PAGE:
The atrocities committed against Christians, Jews and Muslims on Stalin’s orders are well-documented. With the exception of the years 1941-53, the forcible secularisation of believers was usual Soviet policy. With specific reference to Stalin’s premiership, during the late Twenties churches were closed with considerable violence meted out to those who tried to preserve their places of worship. A second wave of arrests of clerics and closures of churches occurred during the Great Purge of 1936-9. Prison camps in the Soviet ‘Gulag’ were nothing more than places where prisoners were worked to death.
Stalin’s persecution of Muslims within Soviet territory began in earnest in 1928. Pressure was placed on Muslims to close ‘voluntarily’ their mosques and mullahs were arrested for deceiving the people. Official campaigns were launched against the veil, Ramadan and ritual prayers. Those who tried to resist, such as the Muslims in the North Caucasus, were suppressed by the Soviet army.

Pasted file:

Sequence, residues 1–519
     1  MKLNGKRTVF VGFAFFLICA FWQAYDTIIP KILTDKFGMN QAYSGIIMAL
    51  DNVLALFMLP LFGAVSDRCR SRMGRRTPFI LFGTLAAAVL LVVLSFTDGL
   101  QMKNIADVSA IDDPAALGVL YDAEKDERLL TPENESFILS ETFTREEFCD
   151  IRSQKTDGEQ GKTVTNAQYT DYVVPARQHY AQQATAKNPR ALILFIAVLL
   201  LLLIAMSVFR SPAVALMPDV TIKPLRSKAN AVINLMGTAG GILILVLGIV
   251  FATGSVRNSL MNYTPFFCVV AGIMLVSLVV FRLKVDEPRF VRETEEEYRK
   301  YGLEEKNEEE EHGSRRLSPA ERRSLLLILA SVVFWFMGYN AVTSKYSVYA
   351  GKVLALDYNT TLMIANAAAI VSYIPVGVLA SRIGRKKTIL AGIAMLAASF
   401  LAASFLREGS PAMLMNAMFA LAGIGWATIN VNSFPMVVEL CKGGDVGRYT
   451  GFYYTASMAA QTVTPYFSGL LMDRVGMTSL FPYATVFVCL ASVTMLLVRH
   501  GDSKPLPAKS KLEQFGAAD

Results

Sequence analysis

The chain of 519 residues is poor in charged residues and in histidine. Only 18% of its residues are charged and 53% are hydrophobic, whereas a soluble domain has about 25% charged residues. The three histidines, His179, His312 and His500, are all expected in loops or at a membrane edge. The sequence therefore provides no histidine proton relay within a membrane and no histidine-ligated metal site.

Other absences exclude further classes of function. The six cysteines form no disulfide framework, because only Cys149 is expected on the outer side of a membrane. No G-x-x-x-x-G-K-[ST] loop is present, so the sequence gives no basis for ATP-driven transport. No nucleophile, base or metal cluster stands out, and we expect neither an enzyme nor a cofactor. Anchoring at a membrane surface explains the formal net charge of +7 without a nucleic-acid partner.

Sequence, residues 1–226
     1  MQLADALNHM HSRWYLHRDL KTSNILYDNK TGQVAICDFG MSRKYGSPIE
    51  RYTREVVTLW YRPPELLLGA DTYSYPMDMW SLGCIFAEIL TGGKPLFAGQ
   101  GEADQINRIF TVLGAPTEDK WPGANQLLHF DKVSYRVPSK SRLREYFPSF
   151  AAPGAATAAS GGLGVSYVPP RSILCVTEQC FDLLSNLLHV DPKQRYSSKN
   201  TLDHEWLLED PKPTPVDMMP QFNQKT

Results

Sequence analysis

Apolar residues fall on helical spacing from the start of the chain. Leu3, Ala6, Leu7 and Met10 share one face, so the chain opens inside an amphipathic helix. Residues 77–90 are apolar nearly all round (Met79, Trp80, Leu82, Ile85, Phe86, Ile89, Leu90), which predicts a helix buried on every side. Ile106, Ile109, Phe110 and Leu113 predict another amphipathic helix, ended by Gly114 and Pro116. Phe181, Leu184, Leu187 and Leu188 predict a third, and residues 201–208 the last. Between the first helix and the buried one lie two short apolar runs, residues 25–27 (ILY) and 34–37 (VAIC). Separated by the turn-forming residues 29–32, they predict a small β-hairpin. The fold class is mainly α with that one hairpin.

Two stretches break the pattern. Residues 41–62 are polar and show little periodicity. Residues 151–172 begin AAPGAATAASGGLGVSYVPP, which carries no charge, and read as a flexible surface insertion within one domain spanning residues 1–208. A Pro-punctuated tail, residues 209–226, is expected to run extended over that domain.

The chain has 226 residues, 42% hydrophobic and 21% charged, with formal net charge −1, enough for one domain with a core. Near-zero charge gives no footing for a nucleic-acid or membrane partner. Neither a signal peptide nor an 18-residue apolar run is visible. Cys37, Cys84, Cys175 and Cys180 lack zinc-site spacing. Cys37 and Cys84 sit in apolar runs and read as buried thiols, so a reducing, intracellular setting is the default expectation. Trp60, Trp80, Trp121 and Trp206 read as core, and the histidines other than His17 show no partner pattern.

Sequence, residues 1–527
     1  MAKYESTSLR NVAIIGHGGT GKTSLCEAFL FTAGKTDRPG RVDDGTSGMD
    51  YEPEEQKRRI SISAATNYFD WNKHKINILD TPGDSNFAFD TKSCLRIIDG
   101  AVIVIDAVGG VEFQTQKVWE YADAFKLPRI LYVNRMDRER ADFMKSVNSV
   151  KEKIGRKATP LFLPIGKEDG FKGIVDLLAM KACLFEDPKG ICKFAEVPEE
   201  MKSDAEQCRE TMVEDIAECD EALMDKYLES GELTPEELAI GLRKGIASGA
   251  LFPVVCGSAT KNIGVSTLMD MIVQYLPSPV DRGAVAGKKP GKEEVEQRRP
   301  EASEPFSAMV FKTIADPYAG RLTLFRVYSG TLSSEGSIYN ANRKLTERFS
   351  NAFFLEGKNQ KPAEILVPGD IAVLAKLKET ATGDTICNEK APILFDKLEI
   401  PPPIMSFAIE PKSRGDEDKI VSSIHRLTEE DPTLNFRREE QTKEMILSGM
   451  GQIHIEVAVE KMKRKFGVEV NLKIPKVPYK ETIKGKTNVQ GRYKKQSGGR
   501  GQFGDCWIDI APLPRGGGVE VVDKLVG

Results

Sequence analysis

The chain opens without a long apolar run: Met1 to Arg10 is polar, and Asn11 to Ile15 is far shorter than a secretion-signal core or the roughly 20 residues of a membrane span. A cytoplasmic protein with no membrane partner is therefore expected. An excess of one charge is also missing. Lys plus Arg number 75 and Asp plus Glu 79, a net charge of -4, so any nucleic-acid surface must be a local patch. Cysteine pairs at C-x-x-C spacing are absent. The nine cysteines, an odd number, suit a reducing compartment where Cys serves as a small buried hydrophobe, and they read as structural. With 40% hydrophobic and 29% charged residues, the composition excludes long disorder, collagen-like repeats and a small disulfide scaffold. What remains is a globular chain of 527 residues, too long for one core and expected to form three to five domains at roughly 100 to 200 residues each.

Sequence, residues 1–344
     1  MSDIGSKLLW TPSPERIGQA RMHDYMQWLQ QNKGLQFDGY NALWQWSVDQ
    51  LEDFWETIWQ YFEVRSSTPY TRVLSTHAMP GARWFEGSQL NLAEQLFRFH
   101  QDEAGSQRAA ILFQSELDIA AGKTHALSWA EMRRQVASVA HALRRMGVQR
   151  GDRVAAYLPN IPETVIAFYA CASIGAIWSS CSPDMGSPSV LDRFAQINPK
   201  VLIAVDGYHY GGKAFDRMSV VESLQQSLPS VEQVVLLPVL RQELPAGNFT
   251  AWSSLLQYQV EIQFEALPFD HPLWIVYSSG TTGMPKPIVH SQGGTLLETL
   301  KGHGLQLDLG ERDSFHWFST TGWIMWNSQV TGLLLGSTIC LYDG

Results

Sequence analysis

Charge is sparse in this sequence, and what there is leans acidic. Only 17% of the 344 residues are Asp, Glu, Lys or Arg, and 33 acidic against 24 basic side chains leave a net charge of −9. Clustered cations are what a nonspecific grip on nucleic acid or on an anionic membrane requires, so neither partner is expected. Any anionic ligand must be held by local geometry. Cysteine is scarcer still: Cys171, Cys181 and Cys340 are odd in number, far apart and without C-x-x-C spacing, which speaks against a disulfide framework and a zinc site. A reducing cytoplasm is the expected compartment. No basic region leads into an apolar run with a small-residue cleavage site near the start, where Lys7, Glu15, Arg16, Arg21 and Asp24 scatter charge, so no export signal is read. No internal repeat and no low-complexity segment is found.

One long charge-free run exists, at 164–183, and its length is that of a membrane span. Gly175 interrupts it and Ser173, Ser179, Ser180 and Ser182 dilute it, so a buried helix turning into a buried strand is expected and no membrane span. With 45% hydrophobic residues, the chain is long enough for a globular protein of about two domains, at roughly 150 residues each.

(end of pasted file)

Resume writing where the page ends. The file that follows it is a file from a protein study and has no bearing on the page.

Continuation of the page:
Soviet Jewry fared no better. Although many prominent Communists were Jews, there existed in Soviet society, as there had done in pre-revolutionary Tsarist Russia, a nasty undercurrent of anti-Semitism that manifested as pogroms. This discrimination was fuelled not only by official militant atheistic hatred for those Jews who refused to renounce Judaism, but also emanated from some Christians, traditional envy of Jewish commercial and academic success, and a belief that the Jews were trying to revive capitalism in Communist Russia. It was a monstrous combination of religious, racial and social prejudice that spilled into state-sponsored violence only too readily.